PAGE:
Let None Be Left Behind

With Purim only a week away, preparations for this most joyous Yom Tov are in full swing in Jewish communities throughout the globe.

As younger children keep themselves busy thinking about and trying on their costumes, their older siblings are forming groups and planning their Purim schedules. As the various advertisements in this issue, and signs hung in many hundreds of shuls readily attest, numerous matanos la’evyonim campaigns are well underway. In batei medrashim, men can be seen learning maseches Megillah, as well as various other sefarim that teach about Purim.

In homes throughout the community, intensive planning is ongoing in regard to the mishloach manos that will be sent and exchanged on Purim day.

It would be worthwhile to take a moment and reflect upon the two primary reasons given for this unique mitzvah that we only get to perform once a year.

The Terumas HaDeshen teaches that it is to make certain that every Jew — regardless of his financial status — is able to have at least two foods to eat for his Purim seudah. As the Chasam Sofer explains, the reason this mitzvah is also performed when someone sends to a person who has an ample food supply is in order not to embarrass those who truly don’t have.

The Manos HaLevi, one of the most comprehensive meforshim on Megillas Esther — written by Harav Shlomo Alkabetz as a Purim gift for his father-in-law — gives a different reason: The purpose of mishloach manos, he teaches, is to increase unity, peace, feelings of friendship and ahavas Yisrael.

There are numerous relevant lessons we can learn from both explanations.

It is vital that the sending of mishloach manos serve the purpose of increasing good feelings, and if spending large sums of money or even exerting major effort into preparing a lavish package will make a recipient feel uncomfortable or pressured to reciprocate, it is contrary to what this mitzvah is all about.

Mishloach manos is meant to ensure that no one will be embarrassed, and that those who struggle financially will have a joyful Purim. The last thing we want is that the mishloach manos packages being sent should create peer pressure that would make some individuals feel tense and ashamed about what they are sending in return. There are many circumstances when less is actually more, and the simpler the mishloach manos being sent, the greater the feelings of friendship that are being created.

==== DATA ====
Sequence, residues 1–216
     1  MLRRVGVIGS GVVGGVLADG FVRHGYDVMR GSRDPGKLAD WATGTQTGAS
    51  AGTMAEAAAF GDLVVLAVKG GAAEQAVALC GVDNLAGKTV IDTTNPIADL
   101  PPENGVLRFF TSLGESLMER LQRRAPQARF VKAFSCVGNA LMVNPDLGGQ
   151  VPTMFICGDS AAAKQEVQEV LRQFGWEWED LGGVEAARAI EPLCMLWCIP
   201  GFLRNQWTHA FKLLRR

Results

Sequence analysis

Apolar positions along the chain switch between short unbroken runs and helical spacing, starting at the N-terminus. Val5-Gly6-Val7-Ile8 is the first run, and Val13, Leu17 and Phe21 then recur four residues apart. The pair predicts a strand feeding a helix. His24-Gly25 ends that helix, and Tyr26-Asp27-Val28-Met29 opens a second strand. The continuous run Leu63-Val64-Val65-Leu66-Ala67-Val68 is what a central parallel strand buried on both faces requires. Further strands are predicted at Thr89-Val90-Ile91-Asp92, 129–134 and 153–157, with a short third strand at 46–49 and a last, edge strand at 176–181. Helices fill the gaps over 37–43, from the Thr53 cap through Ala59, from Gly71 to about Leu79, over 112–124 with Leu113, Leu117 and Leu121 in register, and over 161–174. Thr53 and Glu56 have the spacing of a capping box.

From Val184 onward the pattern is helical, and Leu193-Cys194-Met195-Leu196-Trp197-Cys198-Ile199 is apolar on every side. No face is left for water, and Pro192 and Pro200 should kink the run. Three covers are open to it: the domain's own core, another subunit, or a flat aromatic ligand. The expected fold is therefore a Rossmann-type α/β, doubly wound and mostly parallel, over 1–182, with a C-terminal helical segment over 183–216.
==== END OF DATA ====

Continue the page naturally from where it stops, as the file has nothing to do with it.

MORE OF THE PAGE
As we draw up the list of people to whom to send mishloach manos this year, let us not limit ourselves to those with whom we already enjoy excellent relationships.

Purim is a day when we recall that one of the ways Haman sought to speak ill against Klal Yisrael was by focusing on the lack of unity, and how later, a crucial part of the effort to abolish the decree were the famous words of Esther: “Go, assemble all the Jews… .”

Often, both sides in a conflict are eager to move on, but struggle to find the courage to do so. At a time when our brethren in Eretz Yisrael and throughout the Diaspora are in such desperate need of zechuyos, let us bear in mind that the merit of putting aside the pain of the past and bringing an end to a machlokes is immeasurable. Whether it is a long-estranged relative or a former business partner with whom one had a serious falling-out, Purim is an ideal time to try to break the ice and bring to an end a long-running feud. In many cases, sending mishloach manos — along with a carefully worded handwritten note — is a great way to try to bury the hatchet.

As we begin inviting guests to the Purim seudah, let us also remember all those who live alone. For those of us used to sitting at a crowded table partaking in a lively Purim meal, the thought that there are individuals out there sitting in silent, empty apartments is almost inconceivable.

Some of these are homebound or, for a variety of reasons, actually prefer to stay alone. Many of them would appreciate a short visit and a mishloach manos.

Others are eagerly hoping for an invitation for the seudah, and are still waiting for your call.

May we all merit to perform the mitzvos of Purim in the most exemplary manner possible.